Photo Credits: Gavin Shaw & David Lewis
There will be a very special feature at this year’s Highland Classic Two Day Trial, apart from being the Suzuki Edition where we pay homage to the Japanese marque in trials!
On display for trials enthusiasts will be the 1946 ex-factory AJS 16MC of Hugh Viney who won the 1947-49 Scottish Six Days Trial on this very motorcycle.
1947 was the first year that Hugh Viney had entered the SSDT and he won it on his first attempt!
The machine will be seen in the Trial HQ at Alvie Estate for all to see and appreciate what works riders were issued to compete on in the late forties and early fifties. This is a unique piece of trials history, it is amazing that this 77 year old machine has survived intact after being sold by the factory when later models were developed.
Hugh Viney apart from being a works rider, became the AMC Competitions manager when his trials riding career came to an end after a serious car accident. Viney had also represented his country in the annual International Six Days Trial on numerous occasions post war.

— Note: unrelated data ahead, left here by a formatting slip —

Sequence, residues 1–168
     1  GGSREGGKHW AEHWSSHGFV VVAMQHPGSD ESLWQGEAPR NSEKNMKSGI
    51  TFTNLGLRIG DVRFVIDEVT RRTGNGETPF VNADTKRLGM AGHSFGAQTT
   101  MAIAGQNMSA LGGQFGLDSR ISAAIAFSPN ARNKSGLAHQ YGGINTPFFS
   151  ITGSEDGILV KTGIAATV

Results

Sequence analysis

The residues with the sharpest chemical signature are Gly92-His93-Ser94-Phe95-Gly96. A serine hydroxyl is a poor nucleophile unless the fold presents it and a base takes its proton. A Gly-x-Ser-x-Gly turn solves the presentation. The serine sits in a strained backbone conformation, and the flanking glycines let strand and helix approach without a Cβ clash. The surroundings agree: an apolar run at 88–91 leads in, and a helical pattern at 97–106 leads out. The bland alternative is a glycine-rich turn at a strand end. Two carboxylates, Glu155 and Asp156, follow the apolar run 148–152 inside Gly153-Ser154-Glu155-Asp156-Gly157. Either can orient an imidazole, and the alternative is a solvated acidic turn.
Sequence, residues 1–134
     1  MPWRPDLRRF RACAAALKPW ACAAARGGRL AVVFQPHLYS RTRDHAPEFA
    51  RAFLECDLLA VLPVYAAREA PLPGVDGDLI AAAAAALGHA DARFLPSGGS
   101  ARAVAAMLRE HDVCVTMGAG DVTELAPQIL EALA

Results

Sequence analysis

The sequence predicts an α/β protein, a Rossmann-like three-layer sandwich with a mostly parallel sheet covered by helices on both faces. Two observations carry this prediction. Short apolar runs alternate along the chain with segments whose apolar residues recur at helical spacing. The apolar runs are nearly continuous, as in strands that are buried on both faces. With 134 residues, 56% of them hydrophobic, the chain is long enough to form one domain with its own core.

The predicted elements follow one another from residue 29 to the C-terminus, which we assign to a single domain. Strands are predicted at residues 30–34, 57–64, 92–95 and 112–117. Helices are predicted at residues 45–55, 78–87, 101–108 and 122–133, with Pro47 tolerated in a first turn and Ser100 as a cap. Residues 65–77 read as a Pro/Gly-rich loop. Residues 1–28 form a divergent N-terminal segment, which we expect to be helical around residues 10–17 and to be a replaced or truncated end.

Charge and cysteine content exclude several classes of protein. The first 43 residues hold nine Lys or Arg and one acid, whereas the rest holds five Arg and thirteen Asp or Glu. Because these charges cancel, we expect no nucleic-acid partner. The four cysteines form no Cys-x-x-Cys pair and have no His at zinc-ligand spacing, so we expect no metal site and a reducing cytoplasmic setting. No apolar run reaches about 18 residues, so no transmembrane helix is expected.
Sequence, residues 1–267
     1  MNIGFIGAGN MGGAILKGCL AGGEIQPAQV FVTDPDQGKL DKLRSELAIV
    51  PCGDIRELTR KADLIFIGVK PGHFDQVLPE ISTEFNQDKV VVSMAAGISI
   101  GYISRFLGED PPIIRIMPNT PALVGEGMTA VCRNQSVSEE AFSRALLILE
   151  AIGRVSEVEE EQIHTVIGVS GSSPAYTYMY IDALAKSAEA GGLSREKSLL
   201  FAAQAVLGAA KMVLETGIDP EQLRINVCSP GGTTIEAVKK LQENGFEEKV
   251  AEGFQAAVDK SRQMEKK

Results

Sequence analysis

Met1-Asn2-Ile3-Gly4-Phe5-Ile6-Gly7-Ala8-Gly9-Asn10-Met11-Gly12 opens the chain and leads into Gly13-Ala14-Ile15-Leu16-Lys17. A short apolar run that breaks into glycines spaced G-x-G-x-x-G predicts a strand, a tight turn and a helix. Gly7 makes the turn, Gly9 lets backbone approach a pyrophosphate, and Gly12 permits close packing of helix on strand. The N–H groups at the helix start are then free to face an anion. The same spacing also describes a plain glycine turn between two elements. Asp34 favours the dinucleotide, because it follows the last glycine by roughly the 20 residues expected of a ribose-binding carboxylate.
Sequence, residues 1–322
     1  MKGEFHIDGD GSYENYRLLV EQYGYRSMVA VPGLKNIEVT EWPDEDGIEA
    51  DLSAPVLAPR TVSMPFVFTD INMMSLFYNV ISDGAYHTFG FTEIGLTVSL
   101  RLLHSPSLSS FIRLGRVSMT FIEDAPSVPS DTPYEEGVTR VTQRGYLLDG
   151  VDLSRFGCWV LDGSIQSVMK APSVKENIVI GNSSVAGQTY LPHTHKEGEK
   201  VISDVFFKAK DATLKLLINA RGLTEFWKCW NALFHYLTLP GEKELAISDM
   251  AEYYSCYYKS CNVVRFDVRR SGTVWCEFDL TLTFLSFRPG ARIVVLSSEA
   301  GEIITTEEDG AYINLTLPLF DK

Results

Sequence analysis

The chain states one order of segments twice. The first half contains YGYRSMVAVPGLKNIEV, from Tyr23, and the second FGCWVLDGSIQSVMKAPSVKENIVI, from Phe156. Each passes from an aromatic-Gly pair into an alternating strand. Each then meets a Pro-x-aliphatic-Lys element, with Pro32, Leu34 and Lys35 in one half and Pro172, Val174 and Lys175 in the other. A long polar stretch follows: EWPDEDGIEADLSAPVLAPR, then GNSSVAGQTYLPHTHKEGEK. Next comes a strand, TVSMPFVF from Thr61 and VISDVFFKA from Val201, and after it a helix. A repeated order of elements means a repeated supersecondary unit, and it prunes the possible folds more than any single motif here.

The AJS HXF641 came up for sale at Bonhams in April 2019:
First registered to AMC in October 1946, this 350 AJS was ridden in period by one of the biggest trials stars of the day, Hugh Viney, who had left his job as a local government surveyor to join the London-based manufacturer. During the war, Sergeant Viney had been a riding instructor in the Royal Corps of Signals, honing his off-road skills in the Yorkshire Pennines and moors. By all accounts he was somewhat reserved, preferring to let his results do the talking. And what a sensation he would turn out to be, winning the arduous Scottish Six Says Trial (SSDT) on his debut in 1947 and going on to repeat that victory in 1948 and 1949, securing the first hat-trick in SSDT history. As well as his SSDT successes, Viney won Gold Medals at every International Six Days Trials between 1949 and 1954, cementing his status as one of the greatest riders the sport has ever seen.
It is certain that Viney rode ‘HXF 641’ to win the 1947 SSDT – it was pictured in Motor Cycling magazine (22nd May 1947 edition) as part of an article by Bob Holliday entitled ‘Gentlemen – The Winners’ – and it is believed that he used this same mount in 1948 and ’49. The original logbook (issued 10th October 1946) records Associated Motor Cycles Ltd of Plumstead as first owner and is signed by one of the Matchless founders, Charlie Collier. The first change of ownership is dated April 1950 when the machine passed to one Rodney Bainbridge of Shrewsbury. Many years later, in 1990, Hugh’s son Michael was able to purchase his father’s old SSDT winner, which he sold to Bob Gardiner in 1992 (see correspondence and V5 copies on file). A few years later the ex-Viney AJS was featured in The Classic Motor Cycle (December 2001 edition) in an article written by Roy Poynting.